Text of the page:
In World War II, freeze-drying was used to transport plasma to and from hospitals in Europe. Freeze-drying safely preserved blood plasma, made it light enough for travel, and it was easy to rehydrate without quality degradation. Soon after, the technique was perfected and used as a way to preserve and transport vaccines — a method that’s still used today.
Many food brands were already hard at work trying to develop new food products with freeze-drying technology. In 1965, Nestlé released Nescafé Gold Blend, the first freeze-dried instant coffee. Over the next few years, freeze-drying would produce a whole slew of new foods, many of which (including freeze-dried ice cream) famously launched into space aboard Gemini in 1965 and Apollo 7 in 1968.
Freeze-drying has come a long way since the early Peruvians froze their potatoes. Here at Mercer, we’re proud to be a part of that storied history. With improved technology and scientific testing, Mercer is pushing the boundaries of freeze-dried foods to create better and more consistent results. With new products and innovative uses for preserved foods, the future of freeze-drying is bright!
Commercial Applications in Food Processing
The global freeze-dried food market is growing at 7.4% a year, according to Mordor Intelligence, and the U.S. market is expected to reach $66.5 billion by 2021. Fruits comprise the largest portion of the global freeze-dried food market, holding a 32% share. In addition, North America has the largest share of the global freeze-dried market, holding a 35% share. South America and Asia-Pacific are the fastest-growing markets.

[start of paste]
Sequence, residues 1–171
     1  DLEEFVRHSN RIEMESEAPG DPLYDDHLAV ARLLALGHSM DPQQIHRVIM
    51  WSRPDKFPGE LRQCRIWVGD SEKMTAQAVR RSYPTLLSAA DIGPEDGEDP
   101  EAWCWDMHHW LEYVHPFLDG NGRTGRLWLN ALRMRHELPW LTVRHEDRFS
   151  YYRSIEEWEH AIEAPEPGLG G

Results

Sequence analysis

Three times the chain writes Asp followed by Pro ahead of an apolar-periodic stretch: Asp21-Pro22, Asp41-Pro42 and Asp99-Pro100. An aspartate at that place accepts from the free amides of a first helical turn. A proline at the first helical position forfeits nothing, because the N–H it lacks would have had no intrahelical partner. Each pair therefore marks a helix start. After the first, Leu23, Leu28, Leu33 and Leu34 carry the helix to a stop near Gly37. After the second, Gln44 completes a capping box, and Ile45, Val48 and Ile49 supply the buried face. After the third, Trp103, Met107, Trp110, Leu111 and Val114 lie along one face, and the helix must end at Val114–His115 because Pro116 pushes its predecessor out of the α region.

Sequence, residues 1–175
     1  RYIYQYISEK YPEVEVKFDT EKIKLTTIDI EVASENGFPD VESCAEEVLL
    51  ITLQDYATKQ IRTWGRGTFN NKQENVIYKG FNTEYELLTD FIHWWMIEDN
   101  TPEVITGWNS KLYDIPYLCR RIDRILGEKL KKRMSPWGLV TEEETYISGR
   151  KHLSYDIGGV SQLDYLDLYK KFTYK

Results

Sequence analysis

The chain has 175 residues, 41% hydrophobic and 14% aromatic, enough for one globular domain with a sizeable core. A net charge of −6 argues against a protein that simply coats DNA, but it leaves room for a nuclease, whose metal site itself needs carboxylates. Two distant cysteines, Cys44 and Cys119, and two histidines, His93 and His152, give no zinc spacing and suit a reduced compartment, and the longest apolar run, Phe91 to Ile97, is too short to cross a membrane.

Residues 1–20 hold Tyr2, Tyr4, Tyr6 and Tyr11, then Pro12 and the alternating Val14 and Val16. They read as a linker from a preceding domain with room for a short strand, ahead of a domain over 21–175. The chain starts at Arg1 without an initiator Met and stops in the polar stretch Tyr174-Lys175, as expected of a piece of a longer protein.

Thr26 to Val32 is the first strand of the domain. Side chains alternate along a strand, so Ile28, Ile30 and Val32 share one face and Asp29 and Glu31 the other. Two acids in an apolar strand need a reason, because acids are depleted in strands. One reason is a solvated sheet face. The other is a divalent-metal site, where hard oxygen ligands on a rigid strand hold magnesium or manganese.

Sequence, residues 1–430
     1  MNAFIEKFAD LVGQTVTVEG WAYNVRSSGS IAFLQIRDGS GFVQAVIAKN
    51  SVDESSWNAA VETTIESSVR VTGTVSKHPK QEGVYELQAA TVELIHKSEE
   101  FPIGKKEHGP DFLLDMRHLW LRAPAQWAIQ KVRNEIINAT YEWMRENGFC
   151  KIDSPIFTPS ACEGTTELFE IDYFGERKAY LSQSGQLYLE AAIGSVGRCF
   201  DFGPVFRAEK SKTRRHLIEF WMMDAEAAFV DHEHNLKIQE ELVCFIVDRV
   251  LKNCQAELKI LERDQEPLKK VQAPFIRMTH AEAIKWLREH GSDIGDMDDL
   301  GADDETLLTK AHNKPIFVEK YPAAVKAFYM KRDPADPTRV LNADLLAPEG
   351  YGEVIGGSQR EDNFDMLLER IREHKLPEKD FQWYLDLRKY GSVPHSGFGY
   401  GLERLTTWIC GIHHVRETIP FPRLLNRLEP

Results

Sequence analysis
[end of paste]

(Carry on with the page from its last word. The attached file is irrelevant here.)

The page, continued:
Some foods freeze-dry very well, but not all food is suitable for freeze-drying. Freeze-drying is commonly used for coffee, fruit, juice, vegetables, herbs, food flavorings, fish, seafood, eggs, and dairy. Individual food types can be freeze-dried, as can dishes with multiple ingredients, such as stews or soups. As a result, freeze-dried foods can be used for backpacking, camping, military rations, survival food storage, and space exploration. Generally, larger-sized foods (such as fruit or meat) need to be cut into smaller pieces prior to freeze-drying. Thermally sensitive materials, such as fruits, are good candidates for freeze-drying. These have become popular as snacks and ingredients in other foods, such as breakfast cereals. Meat and seafood require cooking before freeze-drying. For some foods, freeze-drying is not cost-effective.
The cost of freeze-drying remains the greatest challenge around increased commercial implementation of this remarkable technology. Future advances will likely focus on this challenge. Pretreatments are one approach to reducing costs. Pretreatments, such as osmotic dehydration, ultrasound treatment, and infrared heating, have all shown potential to save energy and cost. In addition, final product quality can be improved through infrared pretreatment. Replacement of the heating source with microwaves or use of spray nozzles in the drying chamber also offer promise to reduce the cost of freeze-drying. Advances in these areas are expected to support a solid future for freeze-drying.